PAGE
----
Environmental Crimes: Shell within Nigeria
Large companies active in the extraction of raw materials have long been known for the damage they cause to the environment. This damage then often causes problems for local communities, for example, in providing for their livelihoods. Because it is usually ‘the small’ man versus the large company, it is difficult to sue the company both financially and legally. However, a recent case showed a breakthrough in this: the Nigerian farmers against the oil giant Shell.
Before going into the specific case, it is important to outline a historical context of Shell’s activities in Nigeria.T he Niger Delta in Nigeria is rich in oil. In the 1950s, Shell came to the country with a promise to bring about national economic progress through the abundance of ‘black gold’. The population was not informed of possible harms, nor was an investigation into potential environmental hazards carried out by the company. Part of this area, the size of the Netherlands and Belgium together, has now become a lunar landscape due to the many exploits. Huge amounts of agricultural land and rivers that served as primary sustenance areas for the community have also been severely damaged by the many spills. If these spills are caused by company negligence, the company is required to pay compensation to the communities. If this is due to local sabotage, however, the company does not have that obligation any longer.
A recent study by the Dutch media company Zembla shows how Shell bribes local citizens on a structural basis and incites them to deliberately cause leaks, in order to avoid payment of compensations in this way. Shell claims 95% of the oil spills are caused by sabotage. However, Zembla believes that Shell’s pipelines are often old, they are under internal pressure and that corrosion can also lead to leaks, which would all point to negligence by the company itself. A large part of the pipeline network is also above ground – something that is contrary to international agreements – which makes it easier to cause leaks. It should also be noted that not all leaks have been set up by Shell itself; there is a lot of poverty in Nigeria so that people do indeed tap oil from the pipes and cause leaks on their own initiative. But again, these are mostly the people who have been deprived of their livelihoods due to the presence of the oil company. This together shows that there is a high degree of environmental, and also human injustice.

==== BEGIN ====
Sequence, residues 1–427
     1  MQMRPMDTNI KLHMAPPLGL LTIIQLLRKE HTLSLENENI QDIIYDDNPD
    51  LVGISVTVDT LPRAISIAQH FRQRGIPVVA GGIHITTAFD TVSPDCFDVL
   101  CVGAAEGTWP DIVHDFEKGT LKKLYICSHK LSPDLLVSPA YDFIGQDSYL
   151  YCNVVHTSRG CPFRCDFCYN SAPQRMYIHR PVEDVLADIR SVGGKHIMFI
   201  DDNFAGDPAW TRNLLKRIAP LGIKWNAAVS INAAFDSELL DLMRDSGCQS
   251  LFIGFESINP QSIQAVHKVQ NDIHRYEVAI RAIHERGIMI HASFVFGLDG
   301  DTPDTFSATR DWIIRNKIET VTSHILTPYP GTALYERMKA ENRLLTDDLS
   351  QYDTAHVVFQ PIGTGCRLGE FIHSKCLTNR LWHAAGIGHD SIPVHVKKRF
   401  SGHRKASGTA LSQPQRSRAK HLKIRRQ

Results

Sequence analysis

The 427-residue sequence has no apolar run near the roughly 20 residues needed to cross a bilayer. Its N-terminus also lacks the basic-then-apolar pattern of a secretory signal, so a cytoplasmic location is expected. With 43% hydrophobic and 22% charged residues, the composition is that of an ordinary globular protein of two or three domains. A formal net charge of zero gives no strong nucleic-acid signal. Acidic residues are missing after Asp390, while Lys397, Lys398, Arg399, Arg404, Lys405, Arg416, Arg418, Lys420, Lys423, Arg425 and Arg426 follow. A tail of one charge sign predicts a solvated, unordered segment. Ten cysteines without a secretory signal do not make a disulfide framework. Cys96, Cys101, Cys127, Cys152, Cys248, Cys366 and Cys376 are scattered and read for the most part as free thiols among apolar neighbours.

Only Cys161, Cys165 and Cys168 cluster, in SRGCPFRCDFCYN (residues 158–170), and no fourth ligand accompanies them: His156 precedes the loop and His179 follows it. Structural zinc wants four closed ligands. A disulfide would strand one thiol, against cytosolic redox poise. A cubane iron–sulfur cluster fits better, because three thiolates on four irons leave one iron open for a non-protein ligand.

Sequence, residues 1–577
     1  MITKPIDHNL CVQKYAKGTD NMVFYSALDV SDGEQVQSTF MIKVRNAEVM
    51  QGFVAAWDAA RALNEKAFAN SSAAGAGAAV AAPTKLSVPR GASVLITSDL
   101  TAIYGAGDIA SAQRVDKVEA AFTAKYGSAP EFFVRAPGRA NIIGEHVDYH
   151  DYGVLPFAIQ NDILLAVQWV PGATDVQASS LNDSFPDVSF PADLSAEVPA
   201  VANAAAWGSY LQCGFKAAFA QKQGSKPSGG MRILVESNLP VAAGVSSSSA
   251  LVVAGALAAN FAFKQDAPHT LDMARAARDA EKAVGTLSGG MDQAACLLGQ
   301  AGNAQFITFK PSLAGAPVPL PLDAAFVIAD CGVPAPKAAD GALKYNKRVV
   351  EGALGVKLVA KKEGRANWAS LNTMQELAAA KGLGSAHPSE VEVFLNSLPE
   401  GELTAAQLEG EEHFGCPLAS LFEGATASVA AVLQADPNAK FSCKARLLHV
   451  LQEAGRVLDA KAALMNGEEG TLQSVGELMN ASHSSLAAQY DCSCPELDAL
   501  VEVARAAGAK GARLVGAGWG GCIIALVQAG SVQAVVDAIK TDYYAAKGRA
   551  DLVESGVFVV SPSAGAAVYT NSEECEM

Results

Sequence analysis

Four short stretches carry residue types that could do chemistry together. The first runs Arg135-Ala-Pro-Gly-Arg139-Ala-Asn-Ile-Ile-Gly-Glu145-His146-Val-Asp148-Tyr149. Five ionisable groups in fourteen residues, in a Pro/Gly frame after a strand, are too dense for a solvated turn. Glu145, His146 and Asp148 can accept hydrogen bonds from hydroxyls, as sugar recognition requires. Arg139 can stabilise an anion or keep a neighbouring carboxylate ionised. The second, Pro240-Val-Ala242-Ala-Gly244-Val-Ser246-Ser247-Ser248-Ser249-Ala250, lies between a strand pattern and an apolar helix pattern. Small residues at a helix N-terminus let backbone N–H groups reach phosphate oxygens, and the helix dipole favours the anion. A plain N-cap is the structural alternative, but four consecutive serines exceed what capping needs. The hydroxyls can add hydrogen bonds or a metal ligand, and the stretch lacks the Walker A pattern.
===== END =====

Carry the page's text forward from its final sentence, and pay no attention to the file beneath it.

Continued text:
Since the end of the Cold War, natural resources are being plundered by international corporations. This is also known as ‘pillage’, a concept which describes an offence under the laws of war. The current governance structure with its ‘soft law’ instruments can contribute a little to the protection of human rights or environment by corporations. However, the worst perpetrators are not compelled to take part and affiliated corporations to the UN Global Compact initiative are not meeting their reporting obligations. Without international law on environmental crimes, states and corporations are allowed to harm the environment and therefore local communities with impunity.
This injustice has drawn attention towards the development of a green perspective in criminology. More and more lawyers, NGOs and other social movements are taking action in support of ‘Climate Justice’. The high impunity rate of corporate crimes against the environment has led to the codification of ecocide, by which nature is understood as an equal partner with humans in building societies. Now, international lawyers are drafting plans to define the crime of ecocide legally, which is attracting support from European countries and island nations. The initiative is taken up by the International Criminal Court, that previously promised to prioritise crimes that result in the ‘destruction of the environment’, ‘exploitation of natural resources’ and the ‘illegal dispossession’ of land.
So, heading back to the recent case. Thirteen years ago, four Nigerian farmers, with the help of the Friends of the Earth Netherlands, entered a legal battle with Shell. These farmers have lost their livelihoods as fishermen and farmers because of the oil pollution. They have fallen into poverty because of the lack of income. On the first attempt, a lower court ruled that only one of the farmers was entitled to compensation and that only the local subsidiary Shell Nigeria was liable. During the trials, Shell again used the argument that the spills were caused by local crime. However, Friends of the Earth Netherlands has continued to assist the four farmers and has persistently continued to make sure Shell was ruled against. Now, years later, due to the insufficient evidence for local sabotage which might have caused spills, the Dutch Supreme Court has ruled that the parent company Shell is liable and that compensation must be paid to all four farmers. This points to a breakthrough that could lead to the same kind of rightful ruling in future environmental cases.
This bit of justice offers hope. The cautious transition within international law also shows that there are changing views on the responsibilities and liabilities of large oil and / or gas companies and how the environment is slowly starting to become more important within the law.
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